• Allowing school boards to adopt the DPI’s model curriculum, or to develop its own similar curriculum to address teen dating violence.

To take action, find your legislators’ contact info by entering your address into the search bar here, and tell them to support this critical legislation that will keep Wisconsin youth safe from dating violence. You can use the following script for your calls and emails"...Read more


Domestic Violence News

  • How Domestic Abusers Weaponize the Courts: “Perpetrators file frivolous lawsuits—sometimes even from prison—to keep their victims coming back to court to face them. After a breakup, the courts are often the only tool left for abusers seeking to maintain a hold over their victims’ lives. The process costs money and time, and can further traumatize victims of intimate-partner violence, even after they have managed to leave the relationship. Only one U.S. state, Tennessee, has a law specifically aimed at stopping a former romantic partner from filing vexatious litigation against an ex”…Read more

  • Study: Brain injury common in domestic violence: “In the first community-based study of its kind, researchers from The Ohio State University and the Ohio Domestic Violence Network found that 81 percent of women who have been abused at the hands of their partners and seek help have suffered a head injury and 83 percent have been strangled…someone who can never remember to show up for counseling at the right time or who is combative with a roommate might be seen as a troublemaker when she’s really at the mercy of her brain injury”…Read more

  • Stop Treating Domestic Violence Differently From Other Crimes: “Prioritizing criminal justice responses to intimate partner violence would make sense if there was reason to believe that it was working. But that’s not what the evidence shows…Rather than continuing to rely primarily on the criminal legal system, we could provide economic support to low-income men and women. We could intervene to prevent the childhood traumas that lead to violence in adulthood. We could address the attitudes and beliefs among adolescents that drive intimate partner violence. We could use community accountability and restorative justice programs to meet the needs of victims who will never willingly turn to state systems. We could focus our efforts and resources on stopping violence before it starts, rather than intervening ineffectually after the fact”…Read more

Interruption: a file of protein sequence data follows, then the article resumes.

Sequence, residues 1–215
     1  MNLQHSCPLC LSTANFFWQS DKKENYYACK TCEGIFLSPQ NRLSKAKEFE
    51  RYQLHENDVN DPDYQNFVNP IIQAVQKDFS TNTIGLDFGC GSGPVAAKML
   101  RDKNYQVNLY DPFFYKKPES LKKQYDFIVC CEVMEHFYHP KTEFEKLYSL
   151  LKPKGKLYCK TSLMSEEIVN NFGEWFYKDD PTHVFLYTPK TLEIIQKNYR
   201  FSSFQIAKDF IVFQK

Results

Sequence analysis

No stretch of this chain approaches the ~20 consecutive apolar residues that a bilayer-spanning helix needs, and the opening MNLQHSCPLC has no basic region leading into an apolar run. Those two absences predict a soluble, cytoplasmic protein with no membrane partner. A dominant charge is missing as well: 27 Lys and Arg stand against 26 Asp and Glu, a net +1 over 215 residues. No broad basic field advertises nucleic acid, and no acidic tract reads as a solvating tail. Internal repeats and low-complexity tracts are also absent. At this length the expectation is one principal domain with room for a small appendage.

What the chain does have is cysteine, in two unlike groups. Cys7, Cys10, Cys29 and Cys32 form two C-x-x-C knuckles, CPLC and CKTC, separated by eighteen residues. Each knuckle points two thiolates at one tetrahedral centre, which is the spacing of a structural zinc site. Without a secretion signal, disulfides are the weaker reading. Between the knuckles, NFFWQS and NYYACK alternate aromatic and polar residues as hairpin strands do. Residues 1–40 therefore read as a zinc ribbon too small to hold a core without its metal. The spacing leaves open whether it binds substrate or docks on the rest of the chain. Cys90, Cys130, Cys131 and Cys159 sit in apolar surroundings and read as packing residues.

• 2018 was Busiest Year for U.S. National Domestic Violence Hotline: “In A YEAR OF IMPACT: National Domestic Violence Hotline and loveisrespect the organization reports it received 573,670 contacts from people affected by domestic violence (DV), an increase of 36% from 2017. Additionally, researchers saw a 48% increase in website visits to TheHotline.org and loveisrespect.org combined and a 147% increase in the number of people reaching out for help via chat”…Read more

  • Bianca Devins' murder is 'not an Instagram story,' domestic violence expert says: “‘This is not an Instagram story. This is a story about dating violence and homicide, about power and control, about a man who felt entitled to take a girl's life and emboldened to post photos of it on a gaming platform,’ said Cindy Southworth, executive vice president at the U.S. National Network to End Domestic Violence”…Read more